The chief financial officer of Dubai-based Abraaj Holdings told Reuters he had left the embattled private equity company.
Two other senior executives are also preparing to leave, three people with direct knowledge of the matter said.
The investment firm, which manages $13.6bn in assets, is also considering a round of job cuts, they said.
Abraaj has shaken up its management, suspended new investments and undertaken a review of its corporate structure following a dispute with four of its investors over the use of their money in a $1bn healthcare fund.
Abraaj has always denied reports that it misused the money but the scandal at the Middle East’s largest private equity firm is seen to have taken the shine off a fast-growing sector in the region.
The investors include the Bill & Melinda Gates Foundation and the World Bank’s IFC arm.
Officials at the Gates Foundation and IFC have declined to comment on the dispute.
Ashish Dave, Abraaj’s CFO and partner, confirmed that he had left the firm.
“I resigned six months ago to spend time with my family and pursue other opportunities,” he told Reuters on Sunday.
A new chief financial officer, appointed from within the company, would be announced soon, one of the sources said.
CEO Arif Naqvi, who founded the firm in 2002 and turned it into a major emerging market investor, stepped aside from running the fund, Abraaj Investment Management Ltd, in February.
He will remain chief executive of Abraaj Holdings, which was separated from the fund as part of the changes.
The three sources said that Mustafa Abdel Wadood, managing partner and global head of private equity, and Ahmed Badreldin, head of Mena private equity, informed Abraaj several months ago that they wanted to leave but were asked to stay on to help support the company during a difficult period.
Badreldin told Reuters by phone that he had not resigned from the company.
An Abraaj spokeswoman said both Badreldin and Abdel-Wadood were still in their positions at the firm.
“Ahmed (Badreldin) remains a partner and head of the Mena region...,” she said in an emailed statement.
She also referred Reuters to its statement on February 23 that said Abdel-Wadood continues in his full-time role as member of the Global Investment Committee and as managing partner of Abraaj Investment Management Ltd.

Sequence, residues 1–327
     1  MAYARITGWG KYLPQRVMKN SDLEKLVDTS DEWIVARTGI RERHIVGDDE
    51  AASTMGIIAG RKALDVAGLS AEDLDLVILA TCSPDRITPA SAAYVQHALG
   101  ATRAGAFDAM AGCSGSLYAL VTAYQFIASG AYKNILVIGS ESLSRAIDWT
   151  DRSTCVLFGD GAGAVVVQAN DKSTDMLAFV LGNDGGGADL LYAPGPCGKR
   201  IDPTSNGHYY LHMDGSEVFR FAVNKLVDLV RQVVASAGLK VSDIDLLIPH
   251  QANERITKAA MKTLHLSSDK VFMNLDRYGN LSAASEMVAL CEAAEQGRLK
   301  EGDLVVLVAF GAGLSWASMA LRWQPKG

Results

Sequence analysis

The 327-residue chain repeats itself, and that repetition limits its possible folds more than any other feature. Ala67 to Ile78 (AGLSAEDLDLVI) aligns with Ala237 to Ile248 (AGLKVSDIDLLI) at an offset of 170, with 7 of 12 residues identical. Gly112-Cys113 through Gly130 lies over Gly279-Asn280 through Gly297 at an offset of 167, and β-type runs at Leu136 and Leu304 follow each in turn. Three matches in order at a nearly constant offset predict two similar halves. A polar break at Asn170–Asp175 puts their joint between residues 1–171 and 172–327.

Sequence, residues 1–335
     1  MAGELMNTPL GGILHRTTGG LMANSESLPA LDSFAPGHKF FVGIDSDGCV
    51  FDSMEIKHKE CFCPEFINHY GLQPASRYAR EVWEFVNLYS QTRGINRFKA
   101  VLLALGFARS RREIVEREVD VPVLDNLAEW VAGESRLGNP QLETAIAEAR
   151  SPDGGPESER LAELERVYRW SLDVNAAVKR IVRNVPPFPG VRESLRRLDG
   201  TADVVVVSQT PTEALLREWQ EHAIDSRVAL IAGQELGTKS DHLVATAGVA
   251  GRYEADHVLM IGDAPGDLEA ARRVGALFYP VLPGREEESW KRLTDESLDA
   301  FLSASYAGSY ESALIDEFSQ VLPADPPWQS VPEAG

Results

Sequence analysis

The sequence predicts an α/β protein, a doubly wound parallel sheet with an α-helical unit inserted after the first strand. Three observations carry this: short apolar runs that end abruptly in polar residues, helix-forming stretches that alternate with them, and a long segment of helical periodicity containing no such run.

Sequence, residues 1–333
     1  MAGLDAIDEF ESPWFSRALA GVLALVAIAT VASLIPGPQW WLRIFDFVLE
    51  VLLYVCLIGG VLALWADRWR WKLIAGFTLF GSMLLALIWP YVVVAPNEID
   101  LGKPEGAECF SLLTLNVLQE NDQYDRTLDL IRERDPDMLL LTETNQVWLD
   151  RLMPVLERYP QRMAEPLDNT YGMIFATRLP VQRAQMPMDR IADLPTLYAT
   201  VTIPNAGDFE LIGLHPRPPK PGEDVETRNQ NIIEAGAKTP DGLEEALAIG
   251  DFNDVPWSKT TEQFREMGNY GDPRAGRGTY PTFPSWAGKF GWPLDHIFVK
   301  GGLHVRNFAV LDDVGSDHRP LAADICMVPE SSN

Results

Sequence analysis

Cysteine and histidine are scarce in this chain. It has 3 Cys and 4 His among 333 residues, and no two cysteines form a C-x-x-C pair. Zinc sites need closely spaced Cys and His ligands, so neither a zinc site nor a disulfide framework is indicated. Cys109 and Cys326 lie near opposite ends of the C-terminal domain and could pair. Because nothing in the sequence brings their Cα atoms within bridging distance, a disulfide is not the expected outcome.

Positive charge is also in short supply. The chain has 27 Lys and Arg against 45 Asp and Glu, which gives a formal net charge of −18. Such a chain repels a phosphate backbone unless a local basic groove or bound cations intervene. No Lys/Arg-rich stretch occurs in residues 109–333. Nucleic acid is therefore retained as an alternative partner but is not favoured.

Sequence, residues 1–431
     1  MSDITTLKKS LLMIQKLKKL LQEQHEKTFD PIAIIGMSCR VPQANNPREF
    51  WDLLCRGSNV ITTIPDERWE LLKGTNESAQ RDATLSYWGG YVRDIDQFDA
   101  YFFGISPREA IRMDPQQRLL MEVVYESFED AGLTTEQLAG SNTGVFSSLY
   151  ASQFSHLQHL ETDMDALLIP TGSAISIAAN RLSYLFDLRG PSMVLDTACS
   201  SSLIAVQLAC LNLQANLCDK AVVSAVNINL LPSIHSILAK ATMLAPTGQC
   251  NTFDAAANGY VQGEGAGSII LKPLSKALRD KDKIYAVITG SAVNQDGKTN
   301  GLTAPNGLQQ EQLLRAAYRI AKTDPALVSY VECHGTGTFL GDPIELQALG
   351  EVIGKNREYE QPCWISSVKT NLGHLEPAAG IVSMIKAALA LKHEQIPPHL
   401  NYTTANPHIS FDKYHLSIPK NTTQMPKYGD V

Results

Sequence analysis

A round of job cuts are also expected at the firm, the sources said, but the newly appointed co-chief executives have yet to make a final decision on the matter.
The spokeswoman did not comment on the job cuts.
The statement said that Abraaj had announced a comprehensive re-organisation of its business and an independent review of its structure.
The review is expected to be completed within a few weeks.
Abraaj said last month it had appointed KPMG in January to look into the finances of the healthcare fund and within days it said the auditor had completed findings and verified all payments in line with agreed procedures.
The four investors had separately hired forensic accountants Ankura Consulting to investigate how money was used in the Abraaj Healthcare Fund, a source close to one of the firms told Reuters last month.
Ankura did not respond to a Reuters request for comment.
Last week, Abraaj told Reuters in an email that the firm had begun freeing large investors from millions of dollars in capital commitments after deciding to suspend its new fund.
In the last year, Abraaj has seen other high profile departures due to friction over the company’s rapid growth, two of the sources familiar with the matter told Reuters.
They said the departures included Tom Speechley, a partner and former head of the firm’s North America business, and Walid Bakr, a managing director who focused on Egypt.
They could not be reached for comment and the Abraaj spokeswoman declined to comment.
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